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But then tragedy strikes for America's tabloid princess, and Jack and his family are all Cherie has left. Suddenly, Jack finds himself riding the roller coaster that is Cherie Belle's life: fending off the paparazzi, moving to California, and being cast in the tabloids as her new boyfriend. That part would be fine if it were true. Instead, Jack missteps onto Cherie's bad side and becomes the target of her diva mood swings and mean-spirited pranks, as she goes to ridiculous lengths to make his life miserable.
Just when Jack is through playing nice, his life turned upside down, Cherie shows up drunk and sobbing, revealing she is far from over her parents' deaths. He realizes she's giving the public exactly what it wants: an epic fall from grace. Jack knows he should tell someone that Cherie is spiraling out of control. But once Jack begins to care about Cherie, it becomes harder to keep her secrets; especially when Jack becomes her biggest secret of all.
Because when we emerge from the supermarket, we are swarmed by humans with cameras for heads. There are all types – fans holding up cellphones, professional photographers, and news reporters with video cameras and microphones that they immediately thrust in her face.
“Cherie! Cherie how are you?”
“We love you Cherie!”
“We’re praying for you, Cherie!”
“Stop wearing furs! Do you know how many defenseless animals are killed for your stupid fur coats?”
“Cherie, will you still be hosting the New Year’s Ball with Caz?”
My head is spinning. We take a step left, and they step in our path. We swerve right, and there they are again, blocking our path. I look down at Cherie, who keeps her sunglasses down to hide her eyes. I can tell by her stiff, unsmiling mouth that she is unnerved. Her head hangs low, her shoulders curve inward, and she tucks her arms against her body. She is shrinking inside of herself.
But they don’t seem to notice. Or care.
“Cherie, are you going back to work on Choc it Up?”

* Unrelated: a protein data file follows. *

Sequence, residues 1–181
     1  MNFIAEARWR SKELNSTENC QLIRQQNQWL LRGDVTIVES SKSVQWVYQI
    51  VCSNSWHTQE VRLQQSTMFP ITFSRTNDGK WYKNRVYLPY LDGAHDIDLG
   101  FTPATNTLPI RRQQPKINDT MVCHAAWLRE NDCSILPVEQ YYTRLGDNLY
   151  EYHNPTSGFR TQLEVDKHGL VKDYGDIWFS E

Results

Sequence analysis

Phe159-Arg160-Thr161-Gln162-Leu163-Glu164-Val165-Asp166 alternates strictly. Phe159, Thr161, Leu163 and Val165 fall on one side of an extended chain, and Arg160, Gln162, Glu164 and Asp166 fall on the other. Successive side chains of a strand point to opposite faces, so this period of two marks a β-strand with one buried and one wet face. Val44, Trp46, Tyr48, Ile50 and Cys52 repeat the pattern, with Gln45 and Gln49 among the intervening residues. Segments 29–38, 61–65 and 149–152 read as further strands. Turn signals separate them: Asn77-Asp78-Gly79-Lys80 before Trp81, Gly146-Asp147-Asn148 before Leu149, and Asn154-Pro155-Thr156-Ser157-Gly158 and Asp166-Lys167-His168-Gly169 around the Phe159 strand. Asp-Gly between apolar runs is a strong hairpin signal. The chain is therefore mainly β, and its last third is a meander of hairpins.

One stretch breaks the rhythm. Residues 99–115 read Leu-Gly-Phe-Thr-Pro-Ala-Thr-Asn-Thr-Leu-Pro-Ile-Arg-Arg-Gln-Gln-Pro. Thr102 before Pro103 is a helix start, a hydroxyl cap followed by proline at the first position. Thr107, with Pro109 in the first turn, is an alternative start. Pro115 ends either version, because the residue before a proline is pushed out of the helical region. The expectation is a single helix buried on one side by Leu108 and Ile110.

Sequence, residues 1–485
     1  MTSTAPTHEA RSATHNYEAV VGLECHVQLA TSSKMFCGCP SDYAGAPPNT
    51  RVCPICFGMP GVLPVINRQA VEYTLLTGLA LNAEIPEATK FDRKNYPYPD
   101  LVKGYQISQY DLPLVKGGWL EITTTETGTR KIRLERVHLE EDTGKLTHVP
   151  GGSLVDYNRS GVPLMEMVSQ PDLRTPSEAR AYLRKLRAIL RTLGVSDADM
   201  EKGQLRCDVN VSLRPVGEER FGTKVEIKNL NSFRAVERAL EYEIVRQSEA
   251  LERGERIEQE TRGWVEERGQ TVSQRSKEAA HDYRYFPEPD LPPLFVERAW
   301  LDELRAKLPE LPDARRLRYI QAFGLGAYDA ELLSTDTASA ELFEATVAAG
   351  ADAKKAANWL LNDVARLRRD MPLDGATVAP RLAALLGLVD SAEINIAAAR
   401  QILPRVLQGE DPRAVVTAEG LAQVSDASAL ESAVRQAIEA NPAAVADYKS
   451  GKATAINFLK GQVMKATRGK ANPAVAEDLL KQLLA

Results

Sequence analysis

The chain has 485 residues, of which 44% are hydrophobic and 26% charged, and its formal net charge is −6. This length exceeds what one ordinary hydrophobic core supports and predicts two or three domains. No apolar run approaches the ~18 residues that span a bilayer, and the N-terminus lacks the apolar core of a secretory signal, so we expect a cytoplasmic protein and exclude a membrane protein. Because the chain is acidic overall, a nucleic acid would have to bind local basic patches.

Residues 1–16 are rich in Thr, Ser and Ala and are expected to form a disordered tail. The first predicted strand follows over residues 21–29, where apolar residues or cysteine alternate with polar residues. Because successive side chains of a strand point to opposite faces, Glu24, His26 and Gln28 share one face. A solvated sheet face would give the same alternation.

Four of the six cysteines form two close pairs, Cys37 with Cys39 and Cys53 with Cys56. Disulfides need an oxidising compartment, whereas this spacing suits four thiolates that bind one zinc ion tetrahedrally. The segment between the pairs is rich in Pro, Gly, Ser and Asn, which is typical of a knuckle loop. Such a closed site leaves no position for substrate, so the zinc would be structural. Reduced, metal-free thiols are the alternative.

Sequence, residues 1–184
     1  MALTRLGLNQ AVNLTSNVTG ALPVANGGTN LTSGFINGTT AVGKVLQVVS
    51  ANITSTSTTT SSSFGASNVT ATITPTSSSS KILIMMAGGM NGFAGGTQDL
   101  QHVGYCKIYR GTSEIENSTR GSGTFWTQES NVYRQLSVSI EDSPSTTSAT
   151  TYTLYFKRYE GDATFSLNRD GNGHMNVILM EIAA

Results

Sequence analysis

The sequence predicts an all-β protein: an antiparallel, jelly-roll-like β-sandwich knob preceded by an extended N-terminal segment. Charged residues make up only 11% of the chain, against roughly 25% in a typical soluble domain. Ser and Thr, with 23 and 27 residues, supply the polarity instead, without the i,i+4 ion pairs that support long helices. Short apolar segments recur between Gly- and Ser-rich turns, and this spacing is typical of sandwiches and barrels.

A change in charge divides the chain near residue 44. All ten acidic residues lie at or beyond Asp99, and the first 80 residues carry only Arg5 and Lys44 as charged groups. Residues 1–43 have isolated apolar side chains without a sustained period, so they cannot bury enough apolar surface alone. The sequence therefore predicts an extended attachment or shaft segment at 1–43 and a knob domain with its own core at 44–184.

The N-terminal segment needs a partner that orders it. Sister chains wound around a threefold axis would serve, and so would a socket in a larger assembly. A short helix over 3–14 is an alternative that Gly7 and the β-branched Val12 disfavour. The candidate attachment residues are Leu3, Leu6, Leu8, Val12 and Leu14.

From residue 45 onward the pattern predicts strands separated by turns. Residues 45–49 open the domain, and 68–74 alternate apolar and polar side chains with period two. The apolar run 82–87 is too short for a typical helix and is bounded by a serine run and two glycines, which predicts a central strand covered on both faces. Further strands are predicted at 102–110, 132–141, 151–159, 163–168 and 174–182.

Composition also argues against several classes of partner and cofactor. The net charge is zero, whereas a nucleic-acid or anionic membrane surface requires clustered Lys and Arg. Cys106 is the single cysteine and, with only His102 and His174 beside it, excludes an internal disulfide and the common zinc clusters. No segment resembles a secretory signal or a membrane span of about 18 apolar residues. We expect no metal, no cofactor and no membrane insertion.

“Cherie, is it true you were drinking at a nightclub the evening your parents died?”
“Cherie, is Jack your new boyfriend?”
Britney cries out, “Jackie!” before I have a chance to digest that last question. I look down and see she is engulfed by the photographers.
I’ve tried to keep my cool up until now, but these people have crossed a line. Frustrated, I command, “Move!” They part immediately. I lean down and hoist my sister up in one arm. I reach out with my free hand and grab Cherie’s. Gritting my teeth, I lower my head and plow through the crowd like we’re one yard short of a first down, and I have been given the ball. Surprisingly, they get out of my way.
But it doesn’t stop the questions.
“Jack – Jack, are you and Cherie dating?”
“Cherie, how does it feel to be an orphan? Can you give us a statement?”
The barking continues to swirl and swim around my head as we walk hastily forward. I do my best to tune them out and protect the girls. They both look like they’re about to cry, and I’m not sure who needs more shielding. I quickly deposit Cherie into the front seat.
“Buckle Britney in when I put her in the car seat,” I command, and she nods. I swing around to my side and drop Britney, who has started to cry from all of the commotion, into the back. It’s the first time I have ever set her down in the car without checking that she was safely buckled, but I trust Cherie to take care of it. I jump inside, start the engine, and throw the stick shift into reverse.
The cameras are everywhere. I honk my horn and gesture for them to move. I can get in trouble if I hit someone, and I would definitely lose my license. Frustrated, I shout, “Get out of the way!” I’m almost ready to hit someone anyway. They seem to sense I've reached my limit of patience and start to back away from my bumpers.
“Thank you! Geez! How the hell did all those people know we were there?” I mutter, more to myself than to Cherie. “Only two guys were outside when we first got there!”
“Those two guys tell two guys, and pretty soon you have a gaggle of them at your door,” she replies.
I’m baffled. “Tell me that this is not every day of your life.”
She shakes her head. “It wasn't this bad before.”